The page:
Australian audiences have always been avid cinema-goers and have enjoyed the varied international content that comes our way, no matter the quality, but for that same audience, Australian films are seemingly intolerable or at least deemed unsuccessful at the box office (Bowles, Maltby, Verhoeven, and Walsh, 2007). This leaves us questioning: If Australian audiences are so unenthusiastic about their own industry, what is the point in preserving Australian media content? This outlook however, fails to recognise integral role Australian film and television plays in contributing to the national identity and culture as a whole, which should outweigh the value placed on any sort of commercial success. The success of the Australian film and television industry both culturally and commercially relies on an accumulation of factors ranging from funding to audience engagement.
At this point in time, there is somewhat of a crisis surrounding the Australian film and television industry in which Burns and Eltham (2010) argue is deeply embedded in the history of Australian content funding models and government policy and their control over what projects are produced. There was renaissance of the Australian film industry in the 1970’s due to the introduction of the 10BA tax incentive model resulting in a ‘boom’ time and many popular films such as Picnic at Hanging Rock (1975), The Man from Snowy River (1982), as well as co-financed productions between 10BA and foreign studios such as Crocodile Dundee (1986). This period saw 95% of Australian content privately funded and a variety of genre films produced due to the film producers receiving a generous 150% tax concession in 1981, later lowered to 133% in 1983 and lowered again to 100% from 1987 to 2007. This is not to say the films were of quality, in fact this incentive was exploited by many resulting in a significant percentage of the films not making it to release. The 10BA scheme promised an improved financial infrastructure and audience share was at its highest in post-war history, but the high risk and low profitability of Australian screen production proved unsustainable and could never fully develop (Burns and Eltham, 2010).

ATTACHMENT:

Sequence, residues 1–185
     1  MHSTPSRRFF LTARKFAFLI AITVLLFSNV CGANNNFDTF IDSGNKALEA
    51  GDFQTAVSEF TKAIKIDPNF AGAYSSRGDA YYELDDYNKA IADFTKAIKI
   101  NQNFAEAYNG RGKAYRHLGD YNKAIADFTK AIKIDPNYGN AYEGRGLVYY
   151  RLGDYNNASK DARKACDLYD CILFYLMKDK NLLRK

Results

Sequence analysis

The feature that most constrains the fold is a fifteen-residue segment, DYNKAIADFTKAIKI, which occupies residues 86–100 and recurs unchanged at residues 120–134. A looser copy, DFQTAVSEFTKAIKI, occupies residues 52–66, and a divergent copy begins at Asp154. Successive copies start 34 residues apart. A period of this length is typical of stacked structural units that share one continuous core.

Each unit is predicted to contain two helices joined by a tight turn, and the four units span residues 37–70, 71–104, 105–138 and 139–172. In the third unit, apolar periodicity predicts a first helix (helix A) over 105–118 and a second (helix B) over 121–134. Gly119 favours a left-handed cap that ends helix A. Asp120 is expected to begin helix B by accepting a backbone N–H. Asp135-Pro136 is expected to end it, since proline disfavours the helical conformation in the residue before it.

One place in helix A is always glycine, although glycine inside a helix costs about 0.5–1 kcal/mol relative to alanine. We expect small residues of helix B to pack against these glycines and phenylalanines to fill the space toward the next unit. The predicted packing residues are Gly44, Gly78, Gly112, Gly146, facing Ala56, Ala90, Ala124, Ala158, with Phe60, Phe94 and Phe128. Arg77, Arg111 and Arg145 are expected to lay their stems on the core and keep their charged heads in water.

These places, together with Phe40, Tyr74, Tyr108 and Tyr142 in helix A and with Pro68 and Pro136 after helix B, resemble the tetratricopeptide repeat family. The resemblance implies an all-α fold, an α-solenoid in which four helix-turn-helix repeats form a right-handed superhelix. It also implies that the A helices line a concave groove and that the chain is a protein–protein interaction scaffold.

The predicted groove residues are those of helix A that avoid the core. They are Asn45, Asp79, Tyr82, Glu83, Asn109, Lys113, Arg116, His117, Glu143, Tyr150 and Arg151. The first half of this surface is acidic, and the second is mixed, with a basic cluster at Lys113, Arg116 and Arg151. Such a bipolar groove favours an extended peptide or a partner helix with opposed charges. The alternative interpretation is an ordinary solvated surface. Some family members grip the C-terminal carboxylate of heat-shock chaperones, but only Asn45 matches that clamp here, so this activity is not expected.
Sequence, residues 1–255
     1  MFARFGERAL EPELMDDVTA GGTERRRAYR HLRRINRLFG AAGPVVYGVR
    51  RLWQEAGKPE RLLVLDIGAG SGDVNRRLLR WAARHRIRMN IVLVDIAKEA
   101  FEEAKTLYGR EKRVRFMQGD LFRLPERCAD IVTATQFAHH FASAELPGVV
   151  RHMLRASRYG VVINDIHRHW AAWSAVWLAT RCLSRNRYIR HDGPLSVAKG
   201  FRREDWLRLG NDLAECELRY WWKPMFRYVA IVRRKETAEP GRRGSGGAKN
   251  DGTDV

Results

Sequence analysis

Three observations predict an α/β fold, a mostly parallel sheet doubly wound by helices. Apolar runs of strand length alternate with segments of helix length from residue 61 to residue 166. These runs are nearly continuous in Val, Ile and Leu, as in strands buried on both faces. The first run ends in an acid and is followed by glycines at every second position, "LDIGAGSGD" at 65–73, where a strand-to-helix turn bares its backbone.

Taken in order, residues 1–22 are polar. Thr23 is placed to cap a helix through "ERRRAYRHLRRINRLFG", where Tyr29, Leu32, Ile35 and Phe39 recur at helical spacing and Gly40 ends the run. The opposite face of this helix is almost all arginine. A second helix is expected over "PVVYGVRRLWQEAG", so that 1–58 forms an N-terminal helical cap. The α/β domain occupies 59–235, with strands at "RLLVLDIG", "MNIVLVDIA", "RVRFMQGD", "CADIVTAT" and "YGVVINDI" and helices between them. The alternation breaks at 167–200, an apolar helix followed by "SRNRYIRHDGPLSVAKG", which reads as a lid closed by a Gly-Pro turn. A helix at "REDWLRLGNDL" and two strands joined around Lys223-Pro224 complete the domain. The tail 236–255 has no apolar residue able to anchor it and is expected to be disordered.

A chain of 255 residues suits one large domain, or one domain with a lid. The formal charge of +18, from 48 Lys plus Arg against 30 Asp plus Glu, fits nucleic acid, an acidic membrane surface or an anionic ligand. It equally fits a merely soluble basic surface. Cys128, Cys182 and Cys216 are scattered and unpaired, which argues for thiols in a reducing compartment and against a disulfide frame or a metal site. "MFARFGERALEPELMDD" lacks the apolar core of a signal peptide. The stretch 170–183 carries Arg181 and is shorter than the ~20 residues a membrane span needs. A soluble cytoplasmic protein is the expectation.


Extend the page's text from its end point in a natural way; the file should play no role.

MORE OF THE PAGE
After the 10BA era, direct funding from government agencies, principally Film Finance Corporation (FFC) which was formed in 1988, became a major source of finance for local media production during the 1990’s and early 2000’s. The FFC acted as a film bank and was responsive and often advocated to the investment decisions of distributors, sales agents and television networks rather than the audiences themselves. By 2000, Australia was attracting significant levels of overseas production away other competing nations through their unique and competitive production incentives and subsidies (Burns and Eltham, 2010). Although Australian crews benefitted through these runaway productions, it was short lived as Hollywood embarked on a subsidy chance as Canada, Mexico and other US states offered their own incentives as well as Australian producers were competing for a small pool of allocated funding. The FFC eventually failed to generate commercial returns which were attributed to the overwhelming misjudgements of all parties involved from the funding agencies and investors to the filmmakers and distributors (Barber, 2009). This reform also saw Australian science fiction and fantasy phased due to budget constrictions as a resulting of this failure (Ryan, 2012). This then lead to return to Australian blockbusters and genre films following the implementation of the Producer Offset in 2007 and the amalgamation of the FFC, Australian Film Commission (AFC), and Film Australia into the establishment of Screen Australian in 2008 (Screen Australia, 2012). However, this monopoly over government funding in Australian film and television industry results in a selection of projects funded as long as they adhere to upholding significant Australian content outlined by Screen Australia (2012). These cross border, macroeconomic and structural factors involved in Australia’s film finance, film markets and project selection decisions could be an explanation for the current unpopularity of Australian cinema rather than the media narrative of poor local production efforts from a creative aspect Burns and Eltham, 2010).